Microsoft has added a research mode for its HoloLens mixed-reality smartglasses so researchers and developers can access a broader spectrum of sensor-captured data, including audio and video streams and computer-vision algorithms such as simultaneous localization and mapping for spatial mapping and motion.
The HoloLens data-capture process involves four light-sensitive grayscale cameras that track visual features in front and along the edge of the smartglasses. These sensors work in tandem with a camera that measures depth via infrared light using the time-of-flight technique; users also can route the smartglasses' output wirelessly to a computer or cloud environment for more intense data processing.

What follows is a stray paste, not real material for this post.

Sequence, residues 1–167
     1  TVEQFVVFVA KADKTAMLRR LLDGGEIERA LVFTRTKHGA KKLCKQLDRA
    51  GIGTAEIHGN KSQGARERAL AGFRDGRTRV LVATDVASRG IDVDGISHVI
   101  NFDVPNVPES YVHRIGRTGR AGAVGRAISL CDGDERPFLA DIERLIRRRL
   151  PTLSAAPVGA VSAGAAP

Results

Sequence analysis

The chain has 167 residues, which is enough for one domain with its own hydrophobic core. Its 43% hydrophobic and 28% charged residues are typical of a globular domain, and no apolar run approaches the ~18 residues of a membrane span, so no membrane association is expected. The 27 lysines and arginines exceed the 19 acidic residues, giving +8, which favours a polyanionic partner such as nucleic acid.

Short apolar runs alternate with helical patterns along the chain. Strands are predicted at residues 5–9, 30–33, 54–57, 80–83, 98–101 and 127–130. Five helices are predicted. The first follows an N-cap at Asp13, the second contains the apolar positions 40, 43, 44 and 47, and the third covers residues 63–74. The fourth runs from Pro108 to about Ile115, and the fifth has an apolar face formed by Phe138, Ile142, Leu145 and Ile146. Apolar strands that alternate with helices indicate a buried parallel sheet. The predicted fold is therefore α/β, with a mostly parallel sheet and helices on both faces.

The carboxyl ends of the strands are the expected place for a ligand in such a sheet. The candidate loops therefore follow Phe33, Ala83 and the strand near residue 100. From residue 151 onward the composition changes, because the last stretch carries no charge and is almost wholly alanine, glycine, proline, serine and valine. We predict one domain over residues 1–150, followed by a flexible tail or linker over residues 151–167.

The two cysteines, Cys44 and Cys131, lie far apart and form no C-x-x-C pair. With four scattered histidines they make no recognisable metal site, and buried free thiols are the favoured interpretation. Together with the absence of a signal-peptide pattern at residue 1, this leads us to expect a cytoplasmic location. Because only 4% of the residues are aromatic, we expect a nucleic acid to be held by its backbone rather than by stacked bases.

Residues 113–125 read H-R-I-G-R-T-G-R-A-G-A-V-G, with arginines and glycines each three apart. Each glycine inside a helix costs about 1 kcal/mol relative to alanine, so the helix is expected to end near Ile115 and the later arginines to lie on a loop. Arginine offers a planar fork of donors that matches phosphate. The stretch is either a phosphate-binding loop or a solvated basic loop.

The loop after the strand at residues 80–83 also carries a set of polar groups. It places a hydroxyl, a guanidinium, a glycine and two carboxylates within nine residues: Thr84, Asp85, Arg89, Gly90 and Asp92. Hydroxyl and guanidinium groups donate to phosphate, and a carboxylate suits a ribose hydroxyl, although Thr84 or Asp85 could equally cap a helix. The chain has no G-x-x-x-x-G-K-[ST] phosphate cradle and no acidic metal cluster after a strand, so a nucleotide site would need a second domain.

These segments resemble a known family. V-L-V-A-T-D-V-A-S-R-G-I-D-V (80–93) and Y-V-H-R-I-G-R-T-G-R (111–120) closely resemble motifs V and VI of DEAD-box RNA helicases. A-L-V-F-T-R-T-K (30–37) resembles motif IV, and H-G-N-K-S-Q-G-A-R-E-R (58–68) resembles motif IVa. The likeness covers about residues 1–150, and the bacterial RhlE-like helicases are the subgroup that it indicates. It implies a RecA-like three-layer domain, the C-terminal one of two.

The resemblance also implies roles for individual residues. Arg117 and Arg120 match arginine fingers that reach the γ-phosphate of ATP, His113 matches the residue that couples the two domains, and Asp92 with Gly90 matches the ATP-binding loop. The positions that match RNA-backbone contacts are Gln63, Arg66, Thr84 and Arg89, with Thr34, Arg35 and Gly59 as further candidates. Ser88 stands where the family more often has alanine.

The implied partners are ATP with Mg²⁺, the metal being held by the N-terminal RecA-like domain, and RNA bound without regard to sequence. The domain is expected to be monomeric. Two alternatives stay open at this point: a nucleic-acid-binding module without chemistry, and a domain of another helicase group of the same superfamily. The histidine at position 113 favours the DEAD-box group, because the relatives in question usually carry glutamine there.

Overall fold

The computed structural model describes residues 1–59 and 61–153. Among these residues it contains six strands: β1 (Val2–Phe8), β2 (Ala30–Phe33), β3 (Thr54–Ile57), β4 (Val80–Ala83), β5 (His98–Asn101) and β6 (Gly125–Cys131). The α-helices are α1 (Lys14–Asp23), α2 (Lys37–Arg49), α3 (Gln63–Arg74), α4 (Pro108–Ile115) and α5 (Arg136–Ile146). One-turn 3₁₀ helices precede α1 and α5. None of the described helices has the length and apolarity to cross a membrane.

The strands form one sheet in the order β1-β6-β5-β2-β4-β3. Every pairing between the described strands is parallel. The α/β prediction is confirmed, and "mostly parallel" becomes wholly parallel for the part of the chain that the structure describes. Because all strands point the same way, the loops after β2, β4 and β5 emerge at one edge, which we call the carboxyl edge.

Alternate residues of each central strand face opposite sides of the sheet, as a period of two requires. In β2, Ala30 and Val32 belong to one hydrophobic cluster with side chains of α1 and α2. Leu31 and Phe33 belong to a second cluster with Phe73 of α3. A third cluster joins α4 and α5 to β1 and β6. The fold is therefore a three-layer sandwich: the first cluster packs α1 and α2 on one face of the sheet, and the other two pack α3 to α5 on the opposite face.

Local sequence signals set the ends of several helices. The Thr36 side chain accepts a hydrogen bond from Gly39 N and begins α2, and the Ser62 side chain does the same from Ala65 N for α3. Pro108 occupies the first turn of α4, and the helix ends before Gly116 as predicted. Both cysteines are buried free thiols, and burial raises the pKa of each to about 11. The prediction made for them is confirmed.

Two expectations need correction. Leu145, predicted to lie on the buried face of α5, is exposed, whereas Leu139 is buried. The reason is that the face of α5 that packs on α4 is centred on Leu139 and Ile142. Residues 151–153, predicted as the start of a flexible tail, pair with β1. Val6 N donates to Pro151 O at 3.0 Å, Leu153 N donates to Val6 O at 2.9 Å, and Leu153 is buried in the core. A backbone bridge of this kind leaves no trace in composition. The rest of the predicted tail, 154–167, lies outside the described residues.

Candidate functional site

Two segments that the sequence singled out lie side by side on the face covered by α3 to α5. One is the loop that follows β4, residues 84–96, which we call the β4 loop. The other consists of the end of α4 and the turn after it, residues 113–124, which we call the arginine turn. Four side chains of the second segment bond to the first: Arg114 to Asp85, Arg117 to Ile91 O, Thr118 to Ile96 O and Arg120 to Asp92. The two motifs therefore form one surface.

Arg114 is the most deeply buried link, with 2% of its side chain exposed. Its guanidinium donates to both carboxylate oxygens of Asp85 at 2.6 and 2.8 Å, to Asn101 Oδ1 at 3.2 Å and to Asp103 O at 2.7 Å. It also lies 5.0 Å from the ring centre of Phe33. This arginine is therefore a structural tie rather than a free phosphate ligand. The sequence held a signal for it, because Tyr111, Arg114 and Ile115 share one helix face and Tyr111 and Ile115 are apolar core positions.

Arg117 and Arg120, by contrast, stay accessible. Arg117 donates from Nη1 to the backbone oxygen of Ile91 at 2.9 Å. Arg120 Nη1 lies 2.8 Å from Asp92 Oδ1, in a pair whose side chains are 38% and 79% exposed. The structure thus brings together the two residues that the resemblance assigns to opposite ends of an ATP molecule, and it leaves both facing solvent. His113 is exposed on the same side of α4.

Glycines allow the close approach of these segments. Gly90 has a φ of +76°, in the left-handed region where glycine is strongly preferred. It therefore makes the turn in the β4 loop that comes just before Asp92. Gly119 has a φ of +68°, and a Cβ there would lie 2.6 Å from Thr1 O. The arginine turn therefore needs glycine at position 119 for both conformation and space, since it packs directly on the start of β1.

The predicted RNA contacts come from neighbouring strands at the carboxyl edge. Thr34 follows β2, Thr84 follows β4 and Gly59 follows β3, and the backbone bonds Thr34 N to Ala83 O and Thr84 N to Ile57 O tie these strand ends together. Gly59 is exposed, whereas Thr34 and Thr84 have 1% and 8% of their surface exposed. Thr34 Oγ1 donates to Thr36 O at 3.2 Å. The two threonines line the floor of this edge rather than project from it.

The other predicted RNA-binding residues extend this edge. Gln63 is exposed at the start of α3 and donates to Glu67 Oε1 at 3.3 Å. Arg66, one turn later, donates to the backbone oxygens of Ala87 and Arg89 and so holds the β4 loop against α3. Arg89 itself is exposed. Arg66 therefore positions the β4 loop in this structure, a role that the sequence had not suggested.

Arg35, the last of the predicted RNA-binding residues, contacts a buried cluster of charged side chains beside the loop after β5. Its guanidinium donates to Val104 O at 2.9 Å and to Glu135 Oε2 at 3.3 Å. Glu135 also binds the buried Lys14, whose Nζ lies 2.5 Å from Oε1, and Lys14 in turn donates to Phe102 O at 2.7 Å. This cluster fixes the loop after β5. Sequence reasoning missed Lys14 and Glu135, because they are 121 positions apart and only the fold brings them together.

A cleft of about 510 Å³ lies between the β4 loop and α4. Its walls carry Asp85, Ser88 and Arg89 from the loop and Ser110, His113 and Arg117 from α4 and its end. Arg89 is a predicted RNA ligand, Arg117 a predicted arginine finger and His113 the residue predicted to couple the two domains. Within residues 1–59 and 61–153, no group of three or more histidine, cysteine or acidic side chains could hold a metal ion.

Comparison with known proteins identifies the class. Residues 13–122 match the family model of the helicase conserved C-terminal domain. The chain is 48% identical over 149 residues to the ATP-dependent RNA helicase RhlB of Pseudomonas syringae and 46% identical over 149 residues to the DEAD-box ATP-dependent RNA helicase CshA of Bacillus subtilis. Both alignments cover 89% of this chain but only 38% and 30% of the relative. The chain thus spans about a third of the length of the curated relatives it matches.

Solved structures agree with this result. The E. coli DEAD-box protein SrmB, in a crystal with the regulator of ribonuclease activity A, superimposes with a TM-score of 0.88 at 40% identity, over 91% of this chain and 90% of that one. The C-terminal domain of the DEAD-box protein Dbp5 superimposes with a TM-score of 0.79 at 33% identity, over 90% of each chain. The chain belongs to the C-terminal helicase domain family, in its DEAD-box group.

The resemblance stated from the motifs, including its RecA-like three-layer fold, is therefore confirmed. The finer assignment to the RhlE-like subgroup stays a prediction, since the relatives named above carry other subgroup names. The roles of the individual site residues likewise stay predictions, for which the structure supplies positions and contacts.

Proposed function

"HoloLens' abilities to visualize results of the algorithms in the 3D (three-dimensional) world in front of the user can be a key advantage," says Microsoft's Marc Pollefeys. "HoloLens-sensing capabilities can also be very valuable for robotics where these can, for example, enable a robot to navigate its environment."
From Next Reality
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